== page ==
Materials and methods

The study was performed on one of the two subunits of the medical ICU of the University Hospital of Basel, Switzerland. The study was approved by the regional ethical committee. As GCS scoring was already routinely performed on our unit prior to the study and no therapeutic decisions were based on the FOUR scoring, the ethical committee waived the need to obtain individual informed consent.

Ratings were performed by two board-certified staff neurologists (S.R. and A.C.) serving as gold standard, eight ICU nurses, and four ICU physicians. Prior to the study, all raters received an instruction by one of the neurologists including a supervised scoring of GCS and FOUR score in two patients.

We prospectively studied the FOUR score and the GCS in consecutive adult patients admitted to our ICU. Exclusion criteria were the unavailability of both neurologists and the patients' unwillingness to participate in the ratings. Scoring was performed between 9:00 am and 10:00 am on weekdays only. Scoring occurred at the first possible occasion after admittance and each patient was scored only once. Eligible patients were identified by the head-nurse and colour-coded on the main board showing all patients presently admitted. If available, raters performed their ratings on the coded patients in the time frame specified. Raters were not aware of other ratings or the results thereof. Patients were included if at least one of the neurologists and one member of the ICU staff were able to perform a rating within a time interval of one hour. In addition, 100 consecutive patients were rated by both of the two neurologists to assess their inter-rater agreement. Patients were included if both neurologists were able to perform their ratings within a time interval of one hour.

For GCS scoring, the raters used a one-sided A4-sized form containing written instructions. In intubated patients, the rating for the verbal domain of the GCS was defined to be 1. For the FOUR scoring, the raters used a one-sided A4-sized form containing both written and visual instruction: the written instruction was a German translation of the original instruction from the Mayo Clinic [8]; the visual instruction was a coloured copy of the version published in 2005 [8], adapted in size to fit the scoring form. The definition of the FOUR score and the GCS are displayed in Table Table11.

Table 1
Definition of the FOUR score and the Glascow Coma Score

Acute physiology and chronic health evaluation (APACHE) II scores were obtained for the first 24 hours after admittance to the ICU. For patients that stayed for 28 days or more in our hospital or died during their hospitalisation, 28-day mortality was assessed using the in-hospital electronic patient documentation system. Twenty eight-day mortality of discharged patients was assessed by contacting the physician treating the patient at home or in another institution.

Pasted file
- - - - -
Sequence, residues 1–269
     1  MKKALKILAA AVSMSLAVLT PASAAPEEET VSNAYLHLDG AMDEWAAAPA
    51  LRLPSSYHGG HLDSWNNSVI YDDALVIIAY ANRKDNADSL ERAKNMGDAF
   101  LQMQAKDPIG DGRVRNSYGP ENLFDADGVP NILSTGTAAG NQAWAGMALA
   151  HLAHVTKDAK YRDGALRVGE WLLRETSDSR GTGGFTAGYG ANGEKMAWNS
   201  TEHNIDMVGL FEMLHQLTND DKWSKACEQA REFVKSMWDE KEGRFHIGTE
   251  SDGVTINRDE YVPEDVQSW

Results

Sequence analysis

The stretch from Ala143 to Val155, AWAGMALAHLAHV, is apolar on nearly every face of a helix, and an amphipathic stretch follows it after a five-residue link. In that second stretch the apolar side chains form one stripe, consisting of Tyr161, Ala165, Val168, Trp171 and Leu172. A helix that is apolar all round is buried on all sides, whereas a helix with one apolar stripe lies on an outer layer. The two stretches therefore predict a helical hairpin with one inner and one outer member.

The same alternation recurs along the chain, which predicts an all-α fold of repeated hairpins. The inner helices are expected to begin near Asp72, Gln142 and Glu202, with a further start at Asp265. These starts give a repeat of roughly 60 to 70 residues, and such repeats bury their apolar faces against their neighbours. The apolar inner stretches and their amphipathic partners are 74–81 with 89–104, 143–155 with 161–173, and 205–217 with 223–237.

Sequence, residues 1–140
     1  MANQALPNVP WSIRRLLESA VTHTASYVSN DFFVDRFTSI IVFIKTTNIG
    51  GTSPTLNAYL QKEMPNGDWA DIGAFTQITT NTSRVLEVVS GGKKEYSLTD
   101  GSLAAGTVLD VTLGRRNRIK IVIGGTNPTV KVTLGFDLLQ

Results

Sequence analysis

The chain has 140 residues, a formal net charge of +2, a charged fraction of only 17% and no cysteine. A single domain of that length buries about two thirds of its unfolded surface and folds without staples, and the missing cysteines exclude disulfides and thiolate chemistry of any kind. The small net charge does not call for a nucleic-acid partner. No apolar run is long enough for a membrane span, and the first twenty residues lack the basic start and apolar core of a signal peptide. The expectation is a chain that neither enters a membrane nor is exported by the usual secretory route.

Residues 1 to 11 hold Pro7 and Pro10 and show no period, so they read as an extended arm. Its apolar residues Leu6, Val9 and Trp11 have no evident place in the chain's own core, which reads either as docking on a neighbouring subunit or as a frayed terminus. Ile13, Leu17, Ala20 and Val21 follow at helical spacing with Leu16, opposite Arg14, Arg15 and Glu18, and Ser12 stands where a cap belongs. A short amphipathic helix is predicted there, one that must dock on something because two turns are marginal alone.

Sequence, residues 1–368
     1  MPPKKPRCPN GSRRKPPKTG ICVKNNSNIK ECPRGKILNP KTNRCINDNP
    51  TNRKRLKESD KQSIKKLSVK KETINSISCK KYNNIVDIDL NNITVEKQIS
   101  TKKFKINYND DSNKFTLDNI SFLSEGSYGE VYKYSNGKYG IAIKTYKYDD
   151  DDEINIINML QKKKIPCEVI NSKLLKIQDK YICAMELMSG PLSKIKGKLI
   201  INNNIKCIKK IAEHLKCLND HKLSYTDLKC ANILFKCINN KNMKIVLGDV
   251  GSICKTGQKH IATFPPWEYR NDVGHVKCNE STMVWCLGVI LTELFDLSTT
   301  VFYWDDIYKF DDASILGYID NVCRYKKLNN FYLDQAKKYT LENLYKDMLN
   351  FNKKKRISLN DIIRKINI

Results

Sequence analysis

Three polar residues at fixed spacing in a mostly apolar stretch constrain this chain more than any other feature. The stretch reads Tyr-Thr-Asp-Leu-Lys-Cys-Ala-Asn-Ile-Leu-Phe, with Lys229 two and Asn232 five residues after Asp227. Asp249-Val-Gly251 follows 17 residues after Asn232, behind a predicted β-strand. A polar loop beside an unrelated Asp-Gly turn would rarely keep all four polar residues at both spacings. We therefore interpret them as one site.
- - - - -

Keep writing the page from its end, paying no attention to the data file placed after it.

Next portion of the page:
Statistics

Data were analysed using SPSS (version 15.0), a commercially available statistical software. Three categories of pair-wise ratings were analysed: 1) neurologist - neurologist, 2) ICU staff ICU staff, and, 3) neurologist ICU staff. For each category no more than one pair-wise rating was analysed in every patient. In case of more than one pair-wise rating in a given category (e.g. patient was rated by two neurologists and two members of ICU staff resulting in four pair-wise ratings in the category neurologist ICU staff) the rating to be analysed was randomly chosen using computer-generated numbers. Pair-wise-weighted kappa values were calculated for the GCS and the FOUR score. A kappa value of 0.4 or less is considered poor, values between 0.4 and 0.6 are considered fair to moderate, values between 0.6 and 0.8 are considered good, and values above 0.8 are considered excellent agreement [10]. Although assessment of inter-rater reliability using kappa statistics is scientifically appropriate, this approach does not result in measures of obvious clinical usefulness. Rather than an exact agreement we determined that for the dynamic environment of the ICU a precision in scoring within the range of ± 1 score points for both GCS and FOUR score would be sufficient for the majority, if not all, clinical decisions based on the scoring result. Thus, an inter-rater agreement within a range of ± 1 score points for both GCS and FOUR score was chosen as primary outcome. Secondary outcomes were exact inter-rater agreements and ratings of the sub-components of the two scores. For the primary outcome, a difference of 10% or more between the agreement rates of the neurologists and of the ICU staff was considered to be of clinical relevance. We estimated that scoring around 250 patients would allow to detect that difference with an α of 0.05 and a power of 90. Anticipating a drop-out rate of around 20% we planned to include 300 patients. We decided to analyse three pre-defined sub-groups for the primary endpoint: intubated patients, sedated patients, and patients with neurological diseases as primary admittance diagnosis. As previous work reported that the motor component of the GCS (GCS-mot) has a similar predictive value as the total GCS [5], and the combined eye and motor component of the FOUR score (FOUR-EM) has a similar predictive value as the total FOUR score [11] we separately analysed the predictive values for mortality and agreement rates for the GCS-mot and the FOUR-EM. Cronbach's α [12] was calculated to assess the internal consistency of both scores. Predictive values of the scores were assessed by calculating the area under the curve (AUC) with 95% confidence intervals from receiver operating characteristic (ROC) curves. Frequency tables were analysed using Fisher's exact test. A P less than 0.05 was considered to represent statistical significance.